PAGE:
Her scars are visible; mine lay hidden beneath layers of self-loathing.
Doralice turns back and smiles until she sees my wedding ring. After several uncomfortable seconds, I fold my arms in an X across my chest; tilt my head back; and, close my eyes. Then, I open my cupped hands as though freeing a dove to fly away.
“Morta?” Doralice murmurs.
I nod. Sweat beads my forehead. I am suddenly uncomfortable, weak. Motioning I need air, I wave my hand in front of my face and pant.
Doralice disappears into another room, returning with a cane, its handle worn smooth. I limp outside and rest on a bench beneath that jacaranda. A bright green parrot clicks and clacks overhead, offering the only sound in the leafy canopy that veils the house. How different from Manhattan, where the incessant hum drowns out the plaintive song of the lone bird.
The air is thick as Doralice hands me a chilled bottle of coke, its surface damp. Sipping it, I realize how bizarre this all must be for her; opening her home to a man who does not speak her language, a man unknown to her but an hour ago, a man whose intentions remain unclear.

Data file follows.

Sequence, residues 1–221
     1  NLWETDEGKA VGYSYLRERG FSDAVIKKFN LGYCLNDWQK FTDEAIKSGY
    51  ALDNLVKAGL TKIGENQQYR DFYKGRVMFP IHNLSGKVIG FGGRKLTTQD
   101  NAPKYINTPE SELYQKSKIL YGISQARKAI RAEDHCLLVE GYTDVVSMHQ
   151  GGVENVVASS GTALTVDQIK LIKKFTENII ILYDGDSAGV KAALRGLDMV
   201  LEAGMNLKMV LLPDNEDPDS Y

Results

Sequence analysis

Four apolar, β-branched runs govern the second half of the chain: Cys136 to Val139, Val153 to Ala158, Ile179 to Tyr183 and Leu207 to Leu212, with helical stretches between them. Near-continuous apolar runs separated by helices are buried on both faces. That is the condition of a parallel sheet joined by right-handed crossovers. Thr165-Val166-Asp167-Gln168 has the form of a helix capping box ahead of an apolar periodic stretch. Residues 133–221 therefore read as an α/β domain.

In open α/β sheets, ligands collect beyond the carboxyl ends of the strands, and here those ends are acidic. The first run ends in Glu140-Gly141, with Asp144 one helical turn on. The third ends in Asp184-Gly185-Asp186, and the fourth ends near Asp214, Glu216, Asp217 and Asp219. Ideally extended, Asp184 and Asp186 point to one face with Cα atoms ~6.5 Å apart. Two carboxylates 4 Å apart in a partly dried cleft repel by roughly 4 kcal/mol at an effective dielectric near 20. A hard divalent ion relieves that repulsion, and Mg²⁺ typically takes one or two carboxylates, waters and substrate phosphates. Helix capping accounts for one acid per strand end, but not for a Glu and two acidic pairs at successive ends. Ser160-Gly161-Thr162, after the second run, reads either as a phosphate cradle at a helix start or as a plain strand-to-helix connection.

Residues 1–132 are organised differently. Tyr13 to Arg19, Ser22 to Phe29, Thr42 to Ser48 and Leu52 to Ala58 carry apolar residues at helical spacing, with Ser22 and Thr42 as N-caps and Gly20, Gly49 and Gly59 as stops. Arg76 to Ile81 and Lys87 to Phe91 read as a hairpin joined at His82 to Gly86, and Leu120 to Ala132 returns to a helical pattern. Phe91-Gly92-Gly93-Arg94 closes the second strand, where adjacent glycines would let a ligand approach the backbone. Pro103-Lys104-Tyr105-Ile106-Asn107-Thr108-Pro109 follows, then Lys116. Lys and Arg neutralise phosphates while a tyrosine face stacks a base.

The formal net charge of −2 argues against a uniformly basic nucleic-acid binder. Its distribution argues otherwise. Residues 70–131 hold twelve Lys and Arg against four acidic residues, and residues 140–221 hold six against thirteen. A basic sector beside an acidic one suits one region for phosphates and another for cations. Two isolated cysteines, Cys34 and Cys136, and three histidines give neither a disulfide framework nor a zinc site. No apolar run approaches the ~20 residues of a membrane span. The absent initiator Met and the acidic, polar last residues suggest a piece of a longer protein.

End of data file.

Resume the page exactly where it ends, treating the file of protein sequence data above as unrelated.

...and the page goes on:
She is either very trusting or very naive. Either way, I mean her no harm. The throbbing in my ankle eases and my body begins to relax. I close my eyes and lean against the trunk of the tree. For the first time since that night no memories of New York stab at my conscience.
When I awaken from a nap of uncertain duration, I see Doralice standing in a shaft of afternoon sunlight. Gold gilds her hair. Her mocha skin shimmers. She is radiant, like those paintings of The Madonna that line the walls of St. Lucy’s.
Doralice helps me inside to the table on which she has placed another coke, a paper towel, and an orange, peeled and sectioned on a blue and white plate, its rim chipped but spotless.
I thank her and nibble the orange. With no common language, we sit like two old friends exchanging simple smiles and stolen glances. Blinking eyes and twitches of her misshapen mouth suggest she is trying to communicate.
Yet, the more I look at Doralice, the fewer scars and imperfections I see. It is as though the hand of some phantom sculptor smooths her skin; erasing the jagged lines until my eyes can no longer discern what my brain knows to exist. Gesturing if I want another coke, Doralice stands. I shake my head. She appears newly nervous as she walks to a frayed sofa and kneels with her back to me. The thin dress stretches tight across her hips while she pulls something from beneath the furniture. In a fleeting moment of carnal desire, I crave the touch of a woman.